Integrity In The Process Needed to Ensure Integrity In The Result

Posted by on Sep 17, 2016 in Commentary, Local Politics, Politics |

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The following is a copy of the correspondence that I sent to Mayor Walas and Brighton Council on September 13, 2016 expressing my concerns regarding the procurement process utilized by CAO Bill Watson in the search for an Integrity Commissioner for Brighton.  My correspondence has been added to the agenda of the September 19, 2016 meeting of Brighton Council.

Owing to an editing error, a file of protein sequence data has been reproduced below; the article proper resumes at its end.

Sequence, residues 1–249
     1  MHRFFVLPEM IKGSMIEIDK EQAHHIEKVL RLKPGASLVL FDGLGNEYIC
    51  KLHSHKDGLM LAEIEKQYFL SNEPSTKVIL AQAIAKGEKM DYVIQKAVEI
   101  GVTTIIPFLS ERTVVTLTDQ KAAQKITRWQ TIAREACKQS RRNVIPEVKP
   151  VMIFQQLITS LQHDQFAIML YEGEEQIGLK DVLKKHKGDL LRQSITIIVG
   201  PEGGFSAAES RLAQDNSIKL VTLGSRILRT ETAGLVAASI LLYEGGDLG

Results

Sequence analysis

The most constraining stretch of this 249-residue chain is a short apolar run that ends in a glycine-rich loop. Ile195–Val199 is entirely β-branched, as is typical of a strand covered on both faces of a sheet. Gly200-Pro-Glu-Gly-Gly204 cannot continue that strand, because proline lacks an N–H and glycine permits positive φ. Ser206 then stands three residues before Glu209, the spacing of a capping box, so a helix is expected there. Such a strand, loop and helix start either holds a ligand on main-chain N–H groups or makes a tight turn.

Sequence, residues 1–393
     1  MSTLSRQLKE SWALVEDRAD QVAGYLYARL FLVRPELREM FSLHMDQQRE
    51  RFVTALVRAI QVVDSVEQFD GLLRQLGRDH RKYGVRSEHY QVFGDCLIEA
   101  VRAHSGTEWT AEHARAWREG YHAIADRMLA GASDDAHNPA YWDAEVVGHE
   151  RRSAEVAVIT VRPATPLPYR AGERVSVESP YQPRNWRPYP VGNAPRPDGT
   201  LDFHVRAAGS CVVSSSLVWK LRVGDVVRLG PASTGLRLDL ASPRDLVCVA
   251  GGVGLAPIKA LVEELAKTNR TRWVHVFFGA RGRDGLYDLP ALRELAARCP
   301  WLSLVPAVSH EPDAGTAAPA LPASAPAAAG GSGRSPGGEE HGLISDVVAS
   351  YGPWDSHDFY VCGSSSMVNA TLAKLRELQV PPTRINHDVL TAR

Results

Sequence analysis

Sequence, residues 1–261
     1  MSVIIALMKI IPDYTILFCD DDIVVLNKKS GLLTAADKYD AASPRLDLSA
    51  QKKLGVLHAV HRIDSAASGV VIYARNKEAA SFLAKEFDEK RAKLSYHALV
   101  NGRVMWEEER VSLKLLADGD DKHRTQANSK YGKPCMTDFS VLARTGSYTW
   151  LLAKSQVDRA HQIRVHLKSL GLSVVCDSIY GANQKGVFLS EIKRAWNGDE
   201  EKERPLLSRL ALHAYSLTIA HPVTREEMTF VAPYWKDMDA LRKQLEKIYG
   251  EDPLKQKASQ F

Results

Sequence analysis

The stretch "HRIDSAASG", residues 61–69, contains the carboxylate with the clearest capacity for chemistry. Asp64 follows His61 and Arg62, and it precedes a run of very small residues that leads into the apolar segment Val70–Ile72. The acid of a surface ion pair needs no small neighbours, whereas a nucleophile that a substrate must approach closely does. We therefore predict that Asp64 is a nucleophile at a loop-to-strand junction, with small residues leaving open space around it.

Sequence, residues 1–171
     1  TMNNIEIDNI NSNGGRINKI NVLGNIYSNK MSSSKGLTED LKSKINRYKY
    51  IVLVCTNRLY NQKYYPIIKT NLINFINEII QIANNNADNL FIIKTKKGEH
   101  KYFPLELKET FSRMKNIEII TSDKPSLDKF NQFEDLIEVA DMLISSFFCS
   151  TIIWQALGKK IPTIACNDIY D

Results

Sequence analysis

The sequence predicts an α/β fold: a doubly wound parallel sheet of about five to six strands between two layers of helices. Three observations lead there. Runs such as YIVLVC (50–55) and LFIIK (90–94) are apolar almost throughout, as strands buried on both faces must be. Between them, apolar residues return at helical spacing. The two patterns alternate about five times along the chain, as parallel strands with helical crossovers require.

“Dear Mayor Walas and Councillors,

Thank you Mayor Walas for your email below. At the time it was received, I was unsure as to why you had sent it to me. Now that I have had an opportunity to listen to the audio file from the August 15, 2016 meeting of Brighton Council, I understand that you were expecting me to post it on social media for you. If you had indicated this in your email, I would have been happy to help you with this, but ultimately I think that it would be more appropriate for you to setup your own social media account(s) and post such communications yourself. Many mayors have their own social media accounts and use them very effectively in communicating with residents and the public at large.